For information on getting started with RssFeed - how to download, how to add the RssFeed control to your Visual Studio Toolbox, and so on - refer to A Custom ASP.NET Server Control for Displaying RSS Feeds and the official RssFeed homepage.

The Main Shortcoming of RssFeed - Where's Atom Support?


In my opinion, RssFeed, even in its current version, suffers from one major shortcoming: it only provides support for the RSS syndication format. A little history: back when blogs began emerging there was some instability in the syndication format space. This led to two versions of RSS forking - RSS 1.0 (sometimes called the RDF specification) and what eventually became RSS 2.0. (You can read more about the RDF/RSS fork at Web RSS History.) RssFeed supports feeds in both RSS 1.0 (RDF) and RSS 2.0 formats.

However, since that time, a third standard has emerged - Atom. At this point, RssFeed does not support Atom. It is my intention, however, to add support for this alternate syndication specification in due time. For now, however, RssFeed will only work with those syndicated fees using some flavor of RSS. Fortunately, most sites I've seen syndicate using RSS or RDF, and many that include an Atom option also have RSS variants available.

Decoupling Display and Feed Retrieval


Previous to RssFeed version 1.9, there was a tight coupling between the rendering of the ASP.NET server control and the actual retrieval and parsing of the syndication feed. That is, prior to version 1.9, the code that made the HTTP request, parsed the retrieved XML, and serialized the items into appropriate class instances was embedded within the actual ASP.NET server control class.

With version 1.9 this logic has been moved out into a separate class, RssEngine. This means that RssFeed now supports two usage patterns:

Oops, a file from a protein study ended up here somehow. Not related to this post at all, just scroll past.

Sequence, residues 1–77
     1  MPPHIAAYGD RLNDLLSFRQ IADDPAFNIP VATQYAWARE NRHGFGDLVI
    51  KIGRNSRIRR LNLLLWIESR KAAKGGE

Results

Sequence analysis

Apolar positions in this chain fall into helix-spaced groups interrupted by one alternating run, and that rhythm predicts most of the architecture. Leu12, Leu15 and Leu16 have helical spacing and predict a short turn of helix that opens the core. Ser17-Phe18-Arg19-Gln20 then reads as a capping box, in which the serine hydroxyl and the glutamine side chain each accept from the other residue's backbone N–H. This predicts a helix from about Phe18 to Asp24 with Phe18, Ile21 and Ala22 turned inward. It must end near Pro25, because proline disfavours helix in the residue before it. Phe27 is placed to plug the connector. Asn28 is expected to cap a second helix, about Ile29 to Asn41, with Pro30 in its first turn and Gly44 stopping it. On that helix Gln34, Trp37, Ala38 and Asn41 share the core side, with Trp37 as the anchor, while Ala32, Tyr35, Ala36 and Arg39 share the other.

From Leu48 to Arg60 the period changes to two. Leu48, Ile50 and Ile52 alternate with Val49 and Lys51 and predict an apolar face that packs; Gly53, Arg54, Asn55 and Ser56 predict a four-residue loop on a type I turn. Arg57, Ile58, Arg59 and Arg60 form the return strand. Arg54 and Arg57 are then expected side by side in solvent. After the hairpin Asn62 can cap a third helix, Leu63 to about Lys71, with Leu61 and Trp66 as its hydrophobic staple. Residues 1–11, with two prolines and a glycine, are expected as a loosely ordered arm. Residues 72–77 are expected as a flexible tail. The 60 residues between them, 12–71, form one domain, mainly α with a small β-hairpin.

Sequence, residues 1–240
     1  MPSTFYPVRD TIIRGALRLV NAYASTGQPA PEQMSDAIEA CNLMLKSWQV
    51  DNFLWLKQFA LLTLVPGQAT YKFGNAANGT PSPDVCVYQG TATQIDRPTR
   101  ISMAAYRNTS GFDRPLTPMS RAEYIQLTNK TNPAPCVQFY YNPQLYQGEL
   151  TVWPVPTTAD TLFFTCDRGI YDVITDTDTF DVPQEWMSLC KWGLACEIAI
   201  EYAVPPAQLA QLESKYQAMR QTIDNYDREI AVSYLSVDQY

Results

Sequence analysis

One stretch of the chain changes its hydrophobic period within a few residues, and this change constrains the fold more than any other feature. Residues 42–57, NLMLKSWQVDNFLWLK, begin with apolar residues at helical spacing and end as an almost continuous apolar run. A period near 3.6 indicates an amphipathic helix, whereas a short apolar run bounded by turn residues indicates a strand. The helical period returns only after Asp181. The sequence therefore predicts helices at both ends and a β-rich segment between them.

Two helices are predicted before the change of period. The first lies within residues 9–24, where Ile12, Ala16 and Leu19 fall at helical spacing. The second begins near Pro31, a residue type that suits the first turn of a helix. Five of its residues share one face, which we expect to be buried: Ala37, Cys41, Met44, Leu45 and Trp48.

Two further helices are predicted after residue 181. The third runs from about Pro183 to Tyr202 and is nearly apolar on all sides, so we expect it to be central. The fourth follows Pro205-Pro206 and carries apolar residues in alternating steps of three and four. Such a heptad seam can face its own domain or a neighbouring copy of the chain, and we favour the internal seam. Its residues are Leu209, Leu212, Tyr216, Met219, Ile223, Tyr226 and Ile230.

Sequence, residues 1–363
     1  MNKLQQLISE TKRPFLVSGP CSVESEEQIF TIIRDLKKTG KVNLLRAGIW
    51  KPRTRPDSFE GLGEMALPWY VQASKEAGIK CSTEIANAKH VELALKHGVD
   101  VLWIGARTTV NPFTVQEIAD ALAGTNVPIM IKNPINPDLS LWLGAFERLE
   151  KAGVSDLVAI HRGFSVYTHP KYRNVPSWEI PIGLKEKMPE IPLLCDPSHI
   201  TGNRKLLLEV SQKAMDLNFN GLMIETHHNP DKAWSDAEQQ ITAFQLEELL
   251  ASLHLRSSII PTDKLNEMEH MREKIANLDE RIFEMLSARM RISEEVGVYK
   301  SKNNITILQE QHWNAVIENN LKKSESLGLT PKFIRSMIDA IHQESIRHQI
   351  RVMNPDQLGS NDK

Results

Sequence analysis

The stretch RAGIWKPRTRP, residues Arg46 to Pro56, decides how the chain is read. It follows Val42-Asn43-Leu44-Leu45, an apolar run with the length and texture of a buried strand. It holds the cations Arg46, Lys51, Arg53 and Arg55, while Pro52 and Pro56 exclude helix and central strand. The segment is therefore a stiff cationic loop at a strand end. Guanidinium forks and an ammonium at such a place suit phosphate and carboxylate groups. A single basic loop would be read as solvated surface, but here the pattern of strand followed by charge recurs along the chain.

1. You can use RssFeed as it was originally intended, to display the contents of an RSS syndication feed within an ASP.NET page, or
  2. You can use the RssEngine class to grab and parse an RSS feed, at which point you can programmatically work the resulting data. Maybe you want to dump the contents to a database, or perhaps you need to analyze the data in some manner. This is now very easy with RssFeed version 1.9.

Let's look at a demo that illustrates how one can now programmatically work with the contents of a feed using RssFeed. For example, imagine that we wanted to pull down a particular RSS feed and search its items for a description that contains a particular keyword, say "ASP.NET". This could be easily accomplished using the following code:

// Create the RssEngine
RssEngine engine = new RssEngine();

// Grab the content
RssDocument doc = engine.GetDataSource("http://aspnet.4guysfromrolla.com/rss/rss.aspx");

// See if there are any instances of "ASP.NET" in the items' descriptions
foreach (RssItem item in doc.Items)
  if (item.Description.IndexOf("ASP.NET") >= 0)
     ... output the Title and Description properties of the item ...
[View a Live Demo!]